Russian Interior Minister Calls for Restricting Internet

Rashid Nurgaliev. Source: kommersant.ruRussia’s Interior Minister, Rashid Nurgaliev, has called for new restrictions on the internet, the Prime-Tass News Agency reported on July 11th, citing Itar-Tass. According to the minister, the internet must be recognized as a mass-media outlet, just like a newspaper, radio or TV station.

Nurgaliev called on the Ministry of Justice, the Federal Security Service (FBS) and the Interior Ministry to lobby for such a law “with all the resulting legal consequences for owners of subversive sites.”

Speaking at the first session of a government committee on preventative measures against crime, Nurgaliev said it was necessary “to protect the youth from xenophobia, extremist attitudes, legal nihilism and the criminal subculture.” He said it was becoming necessary to criminalize the dissemination of certain information online, including terrorist ideas, advice on how to make bombs and other illegal activities. “Here is where the responsibility of mass-media outlets is great, particularly those oriented toward the youth,” he continued.

Nurgaliev’s proposal is the latest suggestion by lawmakers and law enforcement officials to regulate the internet. In February 2008, Federation Council Senator Vladimir Slutsker proposed registering any website with more than 1000 daily visitors as a mass-media outlet. In March, the Prosecutor-General’s office asked lawmakers to hold internet providers responsible for the content they host. In April, the Public Chamber, an advisory body to the Parliament, backed proposed restrictions to the web.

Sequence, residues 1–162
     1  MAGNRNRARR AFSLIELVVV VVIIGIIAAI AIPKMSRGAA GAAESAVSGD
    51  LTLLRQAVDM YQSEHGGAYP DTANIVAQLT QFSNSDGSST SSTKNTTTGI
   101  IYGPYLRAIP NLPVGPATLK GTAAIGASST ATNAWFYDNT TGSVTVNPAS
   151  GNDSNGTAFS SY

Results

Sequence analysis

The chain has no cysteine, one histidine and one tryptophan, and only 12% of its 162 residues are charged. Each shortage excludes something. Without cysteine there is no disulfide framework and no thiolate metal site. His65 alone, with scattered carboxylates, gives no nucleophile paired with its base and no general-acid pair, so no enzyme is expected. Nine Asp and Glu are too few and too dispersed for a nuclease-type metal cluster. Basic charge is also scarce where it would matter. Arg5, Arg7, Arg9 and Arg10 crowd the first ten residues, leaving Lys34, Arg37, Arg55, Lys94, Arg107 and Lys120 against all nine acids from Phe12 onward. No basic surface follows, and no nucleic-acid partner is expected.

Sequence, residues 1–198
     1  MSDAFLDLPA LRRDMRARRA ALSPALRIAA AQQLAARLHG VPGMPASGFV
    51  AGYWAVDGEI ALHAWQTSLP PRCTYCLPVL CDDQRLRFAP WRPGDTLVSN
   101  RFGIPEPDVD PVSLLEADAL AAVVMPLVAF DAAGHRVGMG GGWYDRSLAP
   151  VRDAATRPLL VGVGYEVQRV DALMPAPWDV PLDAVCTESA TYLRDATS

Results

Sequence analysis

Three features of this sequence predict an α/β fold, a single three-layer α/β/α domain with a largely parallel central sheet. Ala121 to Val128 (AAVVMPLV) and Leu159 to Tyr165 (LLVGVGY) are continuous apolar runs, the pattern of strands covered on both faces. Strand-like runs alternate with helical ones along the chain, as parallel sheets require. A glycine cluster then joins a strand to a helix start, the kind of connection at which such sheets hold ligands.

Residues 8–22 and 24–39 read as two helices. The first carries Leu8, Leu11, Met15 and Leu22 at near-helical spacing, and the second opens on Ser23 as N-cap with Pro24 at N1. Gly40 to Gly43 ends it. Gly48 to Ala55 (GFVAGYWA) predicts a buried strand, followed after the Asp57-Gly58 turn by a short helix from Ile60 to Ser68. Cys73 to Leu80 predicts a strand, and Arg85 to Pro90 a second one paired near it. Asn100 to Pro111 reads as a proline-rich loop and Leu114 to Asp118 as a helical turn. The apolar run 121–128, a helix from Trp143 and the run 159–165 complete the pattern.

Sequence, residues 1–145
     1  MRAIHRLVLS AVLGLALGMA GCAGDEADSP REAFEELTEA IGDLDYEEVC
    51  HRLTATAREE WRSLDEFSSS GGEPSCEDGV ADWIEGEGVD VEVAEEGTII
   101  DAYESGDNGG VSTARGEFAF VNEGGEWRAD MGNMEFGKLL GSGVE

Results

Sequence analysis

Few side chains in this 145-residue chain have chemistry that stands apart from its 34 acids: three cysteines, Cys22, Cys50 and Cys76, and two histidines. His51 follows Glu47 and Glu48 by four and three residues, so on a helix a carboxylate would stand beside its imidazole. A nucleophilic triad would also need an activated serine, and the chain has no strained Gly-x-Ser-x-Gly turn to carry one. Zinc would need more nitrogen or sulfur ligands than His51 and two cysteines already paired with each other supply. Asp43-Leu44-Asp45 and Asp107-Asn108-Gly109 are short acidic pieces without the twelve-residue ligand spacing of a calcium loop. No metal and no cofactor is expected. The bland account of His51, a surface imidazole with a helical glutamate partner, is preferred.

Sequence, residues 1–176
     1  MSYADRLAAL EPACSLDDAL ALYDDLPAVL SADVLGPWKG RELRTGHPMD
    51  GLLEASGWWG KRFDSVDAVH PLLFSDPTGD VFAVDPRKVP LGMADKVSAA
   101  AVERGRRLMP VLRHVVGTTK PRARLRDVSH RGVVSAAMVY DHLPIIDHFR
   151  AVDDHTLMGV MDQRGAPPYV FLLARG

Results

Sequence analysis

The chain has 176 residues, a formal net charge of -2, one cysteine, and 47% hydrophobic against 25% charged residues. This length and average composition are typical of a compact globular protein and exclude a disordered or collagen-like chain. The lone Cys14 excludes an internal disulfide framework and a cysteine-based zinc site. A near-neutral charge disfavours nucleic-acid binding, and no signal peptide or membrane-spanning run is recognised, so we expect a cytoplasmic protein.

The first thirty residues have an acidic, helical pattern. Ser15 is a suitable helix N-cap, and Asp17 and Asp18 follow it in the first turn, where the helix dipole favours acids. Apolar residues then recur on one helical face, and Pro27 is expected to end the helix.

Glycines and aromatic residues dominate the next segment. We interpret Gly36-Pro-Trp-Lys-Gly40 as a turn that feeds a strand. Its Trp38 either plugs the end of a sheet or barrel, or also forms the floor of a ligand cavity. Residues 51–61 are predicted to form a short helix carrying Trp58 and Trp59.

It is worth noting that in 2004, Russia’s Deputy Minister of IT and Communications, Dmitri Milovantsev, adamantly spoke against classifying websites as mass-media outlets. “Personal websites in the internet can be compared with, for instance, a school’s wall newspaper [(where students are given a poster to decorate and hang in the school-building)].”

“So it turns out the wall newspaper must be included as a mass-media outlet?” Milovantsev said.

As of today, Milovantsev is no longer around to speak out for internet freedom. The Deputy Minister tendered his resignation in June 2008.